A U.S. senator plans to introduce a bill that seeks to increase funding for research and science education in an effort to kick start efforts to pass legislation to improve U.S. competitiveness.
Sen. John Ensign (R-Nev.) said he would introduce the National Competitiveness Investment Act Tuesday. The bill, with both Republican and Democratic co-sponsors, would increase funding for research and for math, science and technology education by about $20 billion through 2011, an Ensign spokesman said.
The bill would establish new research programs in the U.S. National Institute of Standards and Technology and it would set a goal of 8% of the budgets of U.S. agencies that conduct research be directed toward a new Innovation Acceleration Research Program. The bill, which combines competitiveness ideas from several congressional committees, pumps up education programs in several agencies and authorizes a math improvement program for elementary and middle-school students endorsed by U.S. President George Bush.
Parts of the bill come from Ensign’s American Innovation and Competitiveness Act, which the Senate Commerce, Science and Transportation Committee approved in May.
"America has always been on the cutting edge of technology and innovation, but we are starting to fall behind," Ensign said in a statement. "It is critical that we embrace technology and ensure that our children receive a stronger education in the core subjects of mathematics and science. This legislation is a great step forward in securing our place as a global leader in innovation."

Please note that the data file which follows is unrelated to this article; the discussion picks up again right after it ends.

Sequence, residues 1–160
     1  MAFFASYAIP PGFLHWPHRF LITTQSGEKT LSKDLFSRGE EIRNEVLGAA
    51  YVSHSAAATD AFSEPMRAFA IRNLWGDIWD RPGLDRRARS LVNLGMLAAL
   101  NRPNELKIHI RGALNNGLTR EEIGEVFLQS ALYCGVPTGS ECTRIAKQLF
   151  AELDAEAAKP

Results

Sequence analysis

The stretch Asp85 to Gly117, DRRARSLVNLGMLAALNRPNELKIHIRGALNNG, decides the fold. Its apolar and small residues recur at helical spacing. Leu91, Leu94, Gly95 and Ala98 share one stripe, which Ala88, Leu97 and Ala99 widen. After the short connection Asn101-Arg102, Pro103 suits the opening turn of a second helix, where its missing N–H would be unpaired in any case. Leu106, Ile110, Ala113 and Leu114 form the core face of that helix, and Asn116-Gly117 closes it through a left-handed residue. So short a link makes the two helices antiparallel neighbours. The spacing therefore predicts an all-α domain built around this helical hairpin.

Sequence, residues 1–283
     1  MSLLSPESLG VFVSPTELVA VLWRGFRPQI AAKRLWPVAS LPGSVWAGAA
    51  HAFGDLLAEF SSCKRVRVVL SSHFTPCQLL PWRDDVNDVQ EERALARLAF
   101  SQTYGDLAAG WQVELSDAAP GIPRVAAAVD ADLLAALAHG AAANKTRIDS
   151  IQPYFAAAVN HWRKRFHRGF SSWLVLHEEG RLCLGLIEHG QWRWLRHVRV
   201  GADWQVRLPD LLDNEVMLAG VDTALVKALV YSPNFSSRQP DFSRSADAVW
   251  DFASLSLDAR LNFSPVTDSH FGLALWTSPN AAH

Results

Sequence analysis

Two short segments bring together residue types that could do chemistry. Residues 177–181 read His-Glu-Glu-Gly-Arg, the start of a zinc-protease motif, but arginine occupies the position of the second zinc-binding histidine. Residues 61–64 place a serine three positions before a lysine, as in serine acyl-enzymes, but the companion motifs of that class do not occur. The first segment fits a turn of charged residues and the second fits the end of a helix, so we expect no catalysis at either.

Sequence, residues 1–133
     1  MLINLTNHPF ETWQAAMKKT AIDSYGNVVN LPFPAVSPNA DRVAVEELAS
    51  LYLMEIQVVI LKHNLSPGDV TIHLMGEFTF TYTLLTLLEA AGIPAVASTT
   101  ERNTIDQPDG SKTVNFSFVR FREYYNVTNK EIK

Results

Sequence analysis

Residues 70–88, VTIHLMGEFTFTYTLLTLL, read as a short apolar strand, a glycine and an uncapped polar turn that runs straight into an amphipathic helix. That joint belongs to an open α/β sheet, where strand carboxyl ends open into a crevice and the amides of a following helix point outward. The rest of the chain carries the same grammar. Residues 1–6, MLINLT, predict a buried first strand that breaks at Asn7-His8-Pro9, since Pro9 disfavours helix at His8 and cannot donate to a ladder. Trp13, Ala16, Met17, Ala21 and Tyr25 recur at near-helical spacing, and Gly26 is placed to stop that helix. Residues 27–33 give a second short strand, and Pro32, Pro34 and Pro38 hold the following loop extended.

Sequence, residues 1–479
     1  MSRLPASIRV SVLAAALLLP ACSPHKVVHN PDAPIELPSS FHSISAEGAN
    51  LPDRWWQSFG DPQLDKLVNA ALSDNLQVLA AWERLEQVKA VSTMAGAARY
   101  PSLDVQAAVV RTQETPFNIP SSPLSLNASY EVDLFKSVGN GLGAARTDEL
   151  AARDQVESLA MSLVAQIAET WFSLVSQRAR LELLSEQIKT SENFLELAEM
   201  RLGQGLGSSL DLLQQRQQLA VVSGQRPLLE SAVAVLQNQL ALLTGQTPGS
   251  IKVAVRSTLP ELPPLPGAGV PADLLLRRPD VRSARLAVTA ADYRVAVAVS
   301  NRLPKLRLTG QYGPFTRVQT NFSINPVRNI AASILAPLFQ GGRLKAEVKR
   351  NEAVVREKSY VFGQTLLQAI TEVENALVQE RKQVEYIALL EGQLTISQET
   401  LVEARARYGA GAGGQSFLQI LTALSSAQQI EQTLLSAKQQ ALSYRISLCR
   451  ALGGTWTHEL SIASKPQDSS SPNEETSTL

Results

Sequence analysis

Ensign's legislation, co-sponsored by Senate Majority Leader Bill Frist (R-Tenn.) and Senate Minority Leader Harry Reid (D-Nev.), comes after technology trade groups such as the Technology CEO Council and TechNet have called on Congress to move ahead with competitiveness legislation.
Earlier this month, TechNet applauded an early draft of the Ensign bill, while the Technology CEO Council sent a letter to congressional leaders, asking them to follow through on promises to pass competitiveness legislation this year. Both parties have pushed "innovation" agendas since late 2005 or early this year, but Congress has failed to pass a comprehensive competitiveness package.
"It was important to have it in 2004, when we called for it," Technology CEO Council Executive Director Bruce Mehlman said of a competitiveness package. "It seems inconceivable the action will elude us yet again."
Mehlman called on Congress to extend a research and development tax credit for U.S. companies and to increase the cap for foreign worker visas under the controversial H-1B program. Ensign's new bill doesn't address either of those issues, but it does increase funding for research, another concern of the trade group.
"The time to act is now," Mehlman said earlier this month. "There's no good reason it can't happen ... since there's so much agreement on the merits and the substance."
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